own meaning. The apostles, when our

Saviour told them of his sufferings, death, To the Editor of the General Baptist Repository.

and resurrection, were wishful to find out must acknowledge, dear Sir, that the what he could possibly mean. They tried letter of “ A Son of Abraham,” in your num- to think of some meaning more spiritual ; ber for April, has affected me with a good but their efforts arose from the carnality of deal of grief; grief, not for my own sake, their heart. The literal meaning was far beca use nothing advanced either by him or more spiritual than any they could have by others against the restoration of the affixed. What would have become of us, twelve tribes of Jacob to their own land, has Mr. Editor, if the prophecies of the Divine produced on my mind any doubt of that Redeemer's being born of a virgin, of the interesting future event; but because many of seed of the woman, at Bethlehem, of the your readers, seeing the hope of Israel given family of Abraham, and of David, had not up by one of that nation, will be probably been literally accomplished, if he had not persuaded to think that hope nothing but a been literallydespised," "cut off," " pierced," delusion, and consequently to discard a “lifted up,” his bones remaining"unbroken,” doctrine which is as essential as a key is to “his soul poured out to death,” his body a lock, to the understanding, or making any buried, yet “seeing no corruption ?" if he intelligent use of, many very large portions had not been literally raised from the dead ? of the precious book of God, “the Scriptures Ab, Sir, we owe all our spirituality, all our which cannot be broken."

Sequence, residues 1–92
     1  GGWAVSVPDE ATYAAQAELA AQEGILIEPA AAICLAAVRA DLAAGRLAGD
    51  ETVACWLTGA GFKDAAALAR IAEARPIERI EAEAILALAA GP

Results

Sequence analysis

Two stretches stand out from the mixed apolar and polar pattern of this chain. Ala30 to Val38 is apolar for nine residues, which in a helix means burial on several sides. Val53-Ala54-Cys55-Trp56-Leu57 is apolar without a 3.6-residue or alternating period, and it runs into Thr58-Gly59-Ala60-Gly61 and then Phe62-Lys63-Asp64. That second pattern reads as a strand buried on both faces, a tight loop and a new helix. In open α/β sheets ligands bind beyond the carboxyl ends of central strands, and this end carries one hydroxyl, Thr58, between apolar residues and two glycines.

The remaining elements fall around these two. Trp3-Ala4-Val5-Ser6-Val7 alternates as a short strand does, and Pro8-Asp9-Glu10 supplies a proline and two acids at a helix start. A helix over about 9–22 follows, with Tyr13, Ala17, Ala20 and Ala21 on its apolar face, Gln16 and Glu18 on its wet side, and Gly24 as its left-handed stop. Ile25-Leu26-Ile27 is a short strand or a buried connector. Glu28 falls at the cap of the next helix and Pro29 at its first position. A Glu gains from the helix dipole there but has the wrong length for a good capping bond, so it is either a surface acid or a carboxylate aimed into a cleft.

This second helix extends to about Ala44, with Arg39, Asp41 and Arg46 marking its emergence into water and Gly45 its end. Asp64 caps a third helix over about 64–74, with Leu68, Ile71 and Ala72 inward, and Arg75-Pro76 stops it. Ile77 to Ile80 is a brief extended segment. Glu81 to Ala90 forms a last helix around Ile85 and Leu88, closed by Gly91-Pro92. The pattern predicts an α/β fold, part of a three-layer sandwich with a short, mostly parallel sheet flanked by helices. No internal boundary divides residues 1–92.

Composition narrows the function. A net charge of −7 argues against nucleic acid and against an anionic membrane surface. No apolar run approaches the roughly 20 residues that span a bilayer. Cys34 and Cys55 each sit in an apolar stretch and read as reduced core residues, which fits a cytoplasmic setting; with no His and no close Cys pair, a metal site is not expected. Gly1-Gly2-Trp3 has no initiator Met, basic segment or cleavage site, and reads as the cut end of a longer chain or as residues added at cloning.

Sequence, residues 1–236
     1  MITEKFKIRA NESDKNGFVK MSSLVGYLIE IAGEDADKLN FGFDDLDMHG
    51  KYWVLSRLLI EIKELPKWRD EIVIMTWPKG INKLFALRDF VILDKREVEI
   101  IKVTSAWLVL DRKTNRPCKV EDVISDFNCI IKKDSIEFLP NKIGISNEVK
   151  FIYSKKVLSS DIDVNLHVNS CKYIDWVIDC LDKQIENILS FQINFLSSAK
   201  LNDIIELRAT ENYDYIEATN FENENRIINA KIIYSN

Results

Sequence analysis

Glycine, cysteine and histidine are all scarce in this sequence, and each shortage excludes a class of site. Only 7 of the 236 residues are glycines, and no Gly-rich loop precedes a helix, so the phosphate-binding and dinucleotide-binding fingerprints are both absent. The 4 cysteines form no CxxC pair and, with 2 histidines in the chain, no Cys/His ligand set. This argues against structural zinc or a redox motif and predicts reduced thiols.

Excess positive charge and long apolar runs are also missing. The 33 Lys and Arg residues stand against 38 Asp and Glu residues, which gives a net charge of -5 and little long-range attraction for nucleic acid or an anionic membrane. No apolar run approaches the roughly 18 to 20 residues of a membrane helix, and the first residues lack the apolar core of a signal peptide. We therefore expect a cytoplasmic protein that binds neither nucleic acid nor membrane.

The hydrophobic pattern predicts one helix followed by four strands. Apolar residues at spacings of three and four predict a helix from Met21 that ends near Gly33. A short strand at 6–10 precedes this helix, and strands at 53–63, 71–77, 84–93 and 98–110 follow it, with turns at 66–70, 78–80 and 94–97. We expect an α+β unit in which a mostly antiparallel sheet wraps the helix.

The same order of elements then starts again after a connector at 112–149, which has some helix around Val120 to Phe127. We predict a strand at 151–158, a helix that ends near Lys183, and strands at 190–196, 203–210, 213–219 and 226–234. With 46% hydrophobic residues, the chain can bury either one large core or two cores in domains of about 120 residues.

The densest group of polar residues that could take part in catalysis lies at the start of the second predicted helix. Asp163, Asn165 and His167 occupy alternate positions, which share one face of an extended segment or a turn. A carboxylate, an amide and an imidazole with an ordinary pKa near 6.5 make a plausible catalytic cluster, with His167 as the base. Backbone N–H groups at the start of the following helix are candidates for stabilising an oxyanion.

happiness, and all our hopes, to the literal “ A Son of Abraham" sees no important fulfilment of God's blessed word. end to be answered by their restoration. I acknowledge some parts are figurative; But you know, Mr. Editor, this is to beg but common sense will discern them; and in the question. I see very important ends to many, perhaps nearly all cases, we have the be answered by their restoration; but I did literal interpretation appended, as in the not see the use till I saw the truth of the case of Daniel's four beasts, &c. doctrine.

Now, Sir, to return to your correspondents Your correspondent says, that “from assertion, that we have nothing from Christ Christ and his apostles we learn nothing of or his apostles about the restoration of the the Jews being restored from their long Israelites, I must request your readers to place captivity." Then surely it must be because their Bible before them, and read Matt. xxiv. we will not learn. I hope all your readers and Rom. xi. Matt. xxiv., from the comwill not resolutely be thus unlearned. Let mencement to verse 28, contains a prophecy them read their Bibles again.

by our Lord, of events which may be underHe further says, the principal argument stood to have transpired within forty years for their recovery is the grant of the land to after he spoke. I allow, that that part of Abraham. This is an argument, though by the prophecy was accomplished in the des. no means the chief: it is an argument, to truction of Jerusalem, and in the subsequent deny which, is to make havoc of some parts dispersion of Israel; but this dispersion, of the New Testament, and many of the which is still being endured, is a continuation Old; an argument which is not answered, of "the tribulation of those days, and an but trifled with, and made ridiculous, by essential part of it.” Let the reader turn to saying, as “ A Son of Abraham” says, that, Luke xxi.- xxiv., for a more detailed account on his principles, “ Christians have a right of the words of the Lord in this selfsame to the Holy Land;" an opinion which prophecy; and he will see my assertion originated the crusades; and many other verified. “They shall fall by the edge of follies are generated by a system of interpre. the sword, and shall be led away captive into